Focus on limiting saturated fat: Saturated fats can increase your LDL or “bad” cholesterol level in the body, increasing your risk of cardiovascular disease. Most animal products, such as butter or meat, contain naturally saturated fats. The American Heart Association recommends a 13-gram serving of total saturated fat daily to follow a heart healthy diet.

Focus on the saturated fat content rather than cholesterol: There is a lot of contradictory information in the news about cholesterol. It is necessary to understand that there is a difference between cholesterol in food (dietary cholesterol) and cholesterol in the body (blood cholesterol). Dietary cholesterol does not necessarily increase the level of cholesterol in the blood. Still saturated fats do increase the level of bad cholesterol in the blood and usually products with more saturated fat also contain more dietary cholesterol. That is why it’s more important to follow the recommendations on saturated fats and eat a whole-food based diet to lower your blood cholesterol. “Bad” cholesterol or LDL cholesterol may increase your risk for cardiovascular disease.

Limiting salt or sodium is essential to eating a heart-healthy diet: Excessive sodium consumption increases the amount of blood in the blood vessels, which increases blood pressure, and the heart has to work harder to pump blood through the body. High blood pressure puts a person at greater risk for stroke, heart failure, and other cardiovascular complications. Many canned or packaged products contain more salt due to processing, so reading labels and choosing low-sodium options is very important. The recommendation for sodium is less than 2,300 mg each day.

Chronic Kidney Disease (CKD)

Healthy eating is integral to managing chronic kidney disease. The kidneys are in charge of cleaning the body’s blood by eliminating waste and extra fluids from the body. Eating a healthy diet for the kidneys means that the kidneys do not have to work as hard to remove waste, which can help prevent or delay the development of chronic kidney disease (CKD). A balanced diet focusing on whole foods, the DASH diet, or a diet that focuses on vegetables instead of meat can benefit kidney health.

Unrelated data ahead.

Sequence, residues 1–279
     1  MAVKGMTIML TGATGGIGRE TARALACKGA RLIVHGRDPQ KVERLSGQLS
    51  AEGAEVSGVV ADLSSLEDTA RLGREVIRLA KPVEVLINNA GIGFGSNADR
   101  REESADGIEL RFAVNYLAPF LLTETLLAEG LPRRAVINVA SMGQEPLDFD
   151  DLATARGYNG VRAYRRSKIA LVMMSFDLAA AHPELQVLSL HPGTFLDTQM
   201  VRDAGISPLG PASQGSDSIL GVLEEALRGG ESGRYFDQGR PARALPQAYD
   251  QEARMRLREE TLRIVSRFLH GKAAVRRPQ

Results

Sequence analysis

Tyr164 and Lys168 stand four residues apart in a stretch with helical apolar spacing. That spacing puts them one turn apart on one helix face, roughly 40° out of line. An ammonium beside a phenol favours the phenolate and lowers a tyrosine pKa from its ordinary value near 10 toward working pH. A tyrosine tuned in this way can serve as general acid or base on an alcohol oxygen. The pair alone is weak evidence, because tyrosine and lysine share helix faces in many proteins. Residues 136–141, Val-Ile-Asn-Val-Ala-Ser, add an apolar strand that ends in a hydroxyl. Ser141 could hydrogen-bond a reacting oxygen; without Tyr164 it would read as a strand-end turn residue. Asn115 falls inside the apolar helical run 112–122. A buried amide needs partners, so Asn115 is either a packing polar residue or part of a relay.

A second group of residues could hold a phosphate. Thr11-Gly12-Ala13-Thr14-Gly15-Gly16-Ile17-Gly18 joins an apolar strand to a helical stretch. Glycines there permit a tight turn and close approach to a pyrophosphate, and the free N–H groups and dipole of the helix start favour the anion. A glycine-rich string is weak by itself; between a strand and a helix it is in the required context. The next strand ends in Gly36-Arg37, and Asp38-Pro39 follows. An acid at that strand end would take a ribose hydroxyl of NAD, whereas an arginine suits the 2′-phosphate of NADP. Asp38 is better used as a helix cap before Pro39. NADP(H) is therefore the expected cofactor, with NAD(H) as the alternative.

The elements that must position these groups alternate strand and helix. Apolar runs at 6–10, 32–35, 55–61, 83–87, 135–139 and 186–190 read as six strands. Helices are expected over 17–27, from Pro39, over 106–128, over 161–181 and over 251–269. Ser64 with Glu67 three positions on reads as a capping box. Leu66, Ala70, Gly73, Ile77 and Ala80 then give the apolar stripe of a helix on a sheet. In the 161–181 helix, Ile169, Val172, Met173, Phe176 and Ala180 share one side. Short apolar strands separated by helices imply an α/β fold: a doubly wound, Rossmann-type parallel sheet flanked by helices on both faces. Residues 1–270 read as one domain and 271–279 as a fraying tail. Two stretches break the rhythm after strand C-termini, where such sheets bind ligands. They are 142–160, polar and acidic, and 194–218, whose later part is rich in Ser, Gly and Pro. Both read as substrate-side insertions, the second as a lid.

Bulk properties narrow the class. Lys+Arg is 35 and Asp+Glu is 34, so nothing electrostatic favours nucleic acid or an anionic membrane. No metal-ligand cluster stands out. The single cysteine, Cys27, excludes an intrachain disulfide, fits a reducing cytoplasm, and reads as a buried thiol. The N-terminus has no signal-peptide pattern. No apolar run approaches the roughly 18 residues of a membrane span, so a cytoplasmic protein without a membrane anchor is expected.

When reading a nutrition label to follow a diet healthy for the kidneys, focus on the mineral potassium at the bottom of the label: Many people with CKD have a higher risk of having levels of potassium outside of the normal range (levels too high or levels too low). It is necessary to manage the potassium level in the body because it is an essential mineral. Depending on your situation, you may need to lower or increase the amount of potassium in your diet. A high potassium food usually has 200 mg or more per serving size. For example, avocados, carrots, lentils, and beef usually contain more potassium. On the other hand, low potassium food contains less than 200 mg per serving size, for example, apples, cucumbers, rice, and pasta.

In addition, it can be important to limit the mineral of phosphorous in the diet to manage CKD: Unfortunately, phosphorous is not usually listed on a nutrition fact label, but usually, foods that are high in calcium also contain high amounts of phosphorous, and calcium is usually listed on the label with the vitamins and minerals. Talk with your doctor to find the recommended range for calcium in your diet as each person with CKD has different needs.

Other considerations for managing CKD are salt/sodium and protein consumption: Generally, following the recommendation of eating less than 2,300 mg per day of sodium/salt will have many health benefits for kidney function as well. For protein, talking with your situation is important. For some with CKD it is necessary to limit protein intake while others need to increase their intake, usually if they are on dialysis.

Nutrition Labels: Final Thoughts

Reading nutrition fact labels is essential in navigating how to eat healthily, which every person should learn to do. Each section of the label gives important information that can be used to make better decisions in choosing the healthiest option for your body and your own health needs. If you are managing a chronic disease, nutrition labels can be useful tools in understanding how certain foods may affect your body. Nutrition labels are put on foods to help consumers know what we are spending our money on and what we are putting into our bodies. By learning to read and understand nutrition labels, you can make healthier choices and take control of your diet. At the end of the day, a balanced and conscious diet contributes significantly to a healthier and more active life. Navigate nutritional labels with confidence and take care of your well-being!



Originally published 11/23

If this document didn’t answer your questions, please contact HGIC at or 1-888-656-9988.